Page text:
Liwonde comprises a small yet vibrant landscape that, despite having suffered high levels of poaching in the past, has become highly productive, sustaining one of the largest elephant populations in the country, and thriving populations of antelope, predators and birds. The restoration of key species has re-established Liwonde as one of the country’s iconic wilderness areas, today boasting populations of numerous species including over 1,400 buffalo, nearly 2,000 hippo, almost 450 elephant, and over 7,000 other animals.
African Parks reintroduced predator species, an essential part of a healthy ecosystem, to Liwonde:
Liwonde has become a reliable source of growing wildlife populations, so that it now provides a variety of species, including elephant, to other parks in Malawi. In 2016, the park was at the epicentre of one of the largest elephant translocations in history, when 261 elephants were relocated from Liwonde to Nkhotakota Wildlife Reserve to reduce pressure on Liwonde’s habitats and mitigate human-wildlife conflict around the park. A second relocation took place in 2022, where 263 elephant and 431 additional wildlife including impala, buffalo, warthog, sable and waterbuck were moved from Liwonde to Kasungu National Park.
This is an example of how improving protection in Liwonde has had a far-reaching effect, contributing to the rehabilitation of other protected areas.
In 2015, vultures were entirely absent from the park. After the carnivore reintroductions, and the return of carcasses to the system, seven different species – four of which are critically endangered – began to be seen. In 2018, the first Rüppell’s vulture was sighted in the park, an endangered species with few strongholds in southern Africa.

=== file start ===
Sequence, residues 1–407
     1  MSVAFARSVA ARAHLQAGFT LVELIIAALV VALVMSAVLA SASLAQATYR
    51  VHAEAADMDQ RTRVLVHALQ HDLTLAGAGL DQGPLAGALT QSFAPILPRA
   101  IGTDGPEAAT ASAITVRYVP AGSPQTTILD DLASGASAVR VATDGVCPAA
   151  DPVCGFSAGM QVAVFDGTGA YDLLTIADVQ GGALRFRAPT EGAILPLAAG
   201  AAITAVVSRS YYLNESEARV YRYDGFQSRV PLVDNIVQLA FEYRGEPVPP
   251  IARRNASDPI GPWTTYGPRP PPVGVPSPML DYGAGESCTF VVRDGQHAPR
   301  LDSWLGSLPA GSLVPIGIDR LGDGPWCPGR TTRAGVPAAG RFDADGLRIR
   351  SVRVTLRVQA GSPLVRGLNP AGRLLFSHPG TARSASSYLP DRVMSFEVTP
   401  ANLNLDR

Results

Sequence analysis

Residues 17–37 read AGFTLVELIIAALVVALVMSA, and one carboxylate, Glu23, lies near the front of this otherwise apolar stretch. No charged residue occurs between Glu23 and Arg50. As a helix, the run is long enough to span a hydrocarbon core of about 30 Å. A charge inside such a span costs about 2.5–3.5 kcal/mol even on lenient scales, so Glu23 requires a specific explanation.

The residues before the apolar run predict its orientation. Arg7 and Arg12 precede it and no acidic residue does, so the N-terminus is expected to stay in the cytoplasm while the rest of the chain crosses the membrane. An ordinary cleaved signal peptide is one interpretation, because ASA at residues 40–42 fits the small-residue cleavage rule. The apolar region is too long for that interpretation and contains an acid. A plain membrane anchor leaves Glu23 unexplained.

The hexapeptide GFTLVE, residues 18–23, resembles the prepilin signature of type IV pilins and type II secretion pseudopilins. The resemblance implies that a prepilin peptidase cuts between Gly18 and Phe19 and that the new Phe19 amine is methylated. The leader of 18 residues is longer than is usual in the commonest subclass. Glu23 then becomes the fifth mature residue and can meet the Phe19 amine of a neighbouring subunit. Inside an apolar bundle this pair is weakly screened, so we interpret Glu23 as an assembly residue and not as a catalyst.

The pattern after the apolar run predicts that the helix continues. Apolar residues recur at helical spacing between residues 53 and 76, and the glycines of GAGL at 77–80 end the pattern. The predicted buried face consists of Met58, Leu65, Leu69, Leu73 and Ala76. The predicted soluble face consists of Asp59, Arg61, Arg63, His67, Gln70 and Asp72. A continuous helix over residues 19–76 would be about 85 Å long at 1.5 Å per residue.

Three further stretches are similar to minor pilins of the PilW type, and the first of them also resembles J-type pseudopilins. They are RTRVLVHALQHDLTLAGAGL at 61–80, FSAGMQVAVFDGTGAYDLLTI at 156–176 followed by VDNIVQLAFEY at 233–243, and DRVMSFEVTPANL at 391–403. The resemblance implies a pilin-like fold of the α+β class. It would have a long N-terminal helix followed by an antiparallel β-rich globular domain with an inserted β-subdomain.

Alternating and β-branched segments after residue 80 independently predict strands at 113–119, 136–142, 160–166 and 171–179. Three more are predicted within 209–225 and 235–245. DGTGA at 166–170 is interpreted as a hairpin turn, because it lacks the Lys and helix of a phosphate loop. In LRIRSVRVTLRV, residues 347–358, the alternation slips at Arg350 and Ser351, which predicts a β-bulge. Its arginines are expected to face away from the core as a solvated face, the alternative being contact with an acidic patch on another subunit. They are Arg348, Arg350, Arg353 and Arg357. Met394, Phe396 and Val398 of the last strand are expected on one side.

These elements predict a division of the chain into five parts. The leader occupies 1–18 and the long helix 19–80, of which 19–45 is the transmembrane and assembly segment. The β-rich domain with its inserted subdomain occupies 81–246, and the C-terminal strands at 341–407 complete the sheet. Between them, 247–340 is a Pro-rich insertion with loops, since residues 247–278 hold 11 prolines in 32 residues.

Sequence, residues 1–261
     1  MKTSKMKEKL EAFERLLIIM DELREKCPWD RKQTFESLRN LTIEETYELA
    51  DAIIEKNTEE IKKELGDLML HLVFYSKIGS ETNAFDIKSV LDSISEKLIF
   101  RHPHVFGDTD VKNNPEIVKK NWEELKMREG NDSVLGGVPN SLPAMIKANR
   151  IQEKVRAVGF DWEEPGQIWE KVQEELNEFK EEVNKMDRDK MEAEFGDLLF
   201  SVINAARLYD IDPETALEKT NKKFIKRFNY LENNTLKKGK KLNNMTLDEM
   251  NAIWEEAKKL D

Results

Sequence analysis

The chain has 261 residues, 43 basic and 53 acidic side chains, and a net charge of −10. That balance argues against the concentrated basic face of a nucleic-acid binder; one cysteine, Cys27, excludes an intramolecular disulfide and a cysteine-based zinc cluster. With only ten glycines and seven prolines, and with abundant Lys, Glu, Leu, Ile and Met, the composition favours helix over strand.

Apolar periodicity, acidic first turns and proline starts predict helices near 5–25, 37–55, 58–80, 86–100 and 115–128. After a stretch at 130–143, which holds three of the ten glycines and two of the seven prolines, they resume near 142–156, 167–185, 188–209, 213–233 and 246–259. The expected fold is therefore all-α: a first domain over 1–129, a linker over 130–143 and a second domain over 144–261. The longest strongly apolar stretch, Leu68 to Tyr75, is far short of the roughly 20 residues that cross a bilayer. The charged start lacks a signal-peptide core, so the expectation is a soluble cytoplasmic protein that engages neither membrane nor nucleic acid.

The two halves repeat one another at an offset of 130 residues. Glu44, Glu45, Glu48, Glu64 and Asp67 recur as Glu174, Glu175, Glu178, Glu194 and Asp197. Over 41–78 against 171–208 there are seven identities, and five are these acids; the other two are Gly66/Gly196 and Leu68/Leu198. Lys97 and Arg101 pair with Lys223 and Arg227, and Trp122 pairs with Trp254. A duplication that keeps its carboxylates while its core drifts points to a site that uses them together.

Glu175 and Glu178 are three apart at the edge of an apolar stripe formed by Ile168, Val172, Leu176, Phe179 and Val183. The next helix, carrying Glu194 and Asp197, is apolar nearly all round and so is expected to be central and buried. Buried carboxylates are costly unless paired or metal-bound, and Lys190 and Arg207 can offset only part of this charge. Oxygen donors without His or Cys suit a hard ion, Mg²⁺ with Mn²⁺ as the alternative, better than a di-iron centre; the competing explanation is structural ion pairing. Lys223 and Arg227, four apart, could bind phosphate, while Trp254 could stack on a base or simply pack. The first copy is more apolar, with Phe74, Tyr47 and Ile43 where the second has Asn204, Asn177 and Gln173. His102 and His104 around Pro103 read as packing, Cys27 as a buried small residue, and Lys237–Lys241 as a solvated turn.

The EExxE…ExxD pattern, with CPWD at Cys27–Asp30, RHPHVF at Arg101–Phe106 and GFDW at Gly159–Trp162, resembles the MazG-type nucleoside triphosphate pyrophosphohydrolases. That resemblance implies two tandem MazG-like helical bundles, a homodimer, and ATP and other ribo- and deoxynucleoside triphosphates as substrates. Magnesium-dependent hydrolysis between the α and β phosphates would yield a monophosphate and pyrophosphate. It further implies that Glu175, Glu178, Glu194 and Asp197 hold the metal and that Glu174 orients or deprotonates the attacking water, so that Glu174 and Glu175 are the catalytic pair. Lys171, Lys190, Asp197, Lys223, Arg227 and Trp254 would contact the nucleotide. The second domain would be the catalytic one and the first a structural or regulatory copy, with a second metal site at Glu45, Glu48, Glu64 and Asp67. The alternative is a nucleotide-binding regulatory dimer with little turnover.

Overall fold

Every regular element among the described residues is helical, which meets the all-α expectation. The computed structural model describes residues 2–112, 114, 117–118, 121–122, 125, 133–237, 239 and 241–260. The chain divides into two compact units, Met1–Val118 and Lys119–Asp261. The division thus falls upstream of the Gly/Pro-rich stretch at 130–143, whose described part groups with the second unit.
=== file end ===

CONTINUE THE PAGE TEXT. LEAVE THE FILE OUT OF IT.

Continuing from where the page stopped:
Liwonde’s rangers continue to make significant gains. Since 2015, poaching levels have decreased, and fewer snares are being discovered each year.
The Liwonde Training Centre has become a critical hub for the region where rangers for all four parks under African Parks management in Malawi are trained. To date, in partnership with DNPW, the Centre has produced 150 highly trained rangers who have been deployed across the parks.
Human-wildlife conflict with elephant, hippo and crocodile is one of most pressing threats for Liwonde and the thousands of people who live on the periphery. Constructing and maintaining the park’s electric perimeter fence to reduce conflict and secure the park for the safety of both people and wildlife has been an ongoing priority; in 2022, the entire Liwonde/Mangochi boundary fence was completed. The fence has drastically reduced conflict and has helped save lives as a result.
Ongoing innovative measures include technological systems such as SmartParks and EarthRanger, which enable live tracking of wildlife and real time visualisations, improving the overall security of the landscape.
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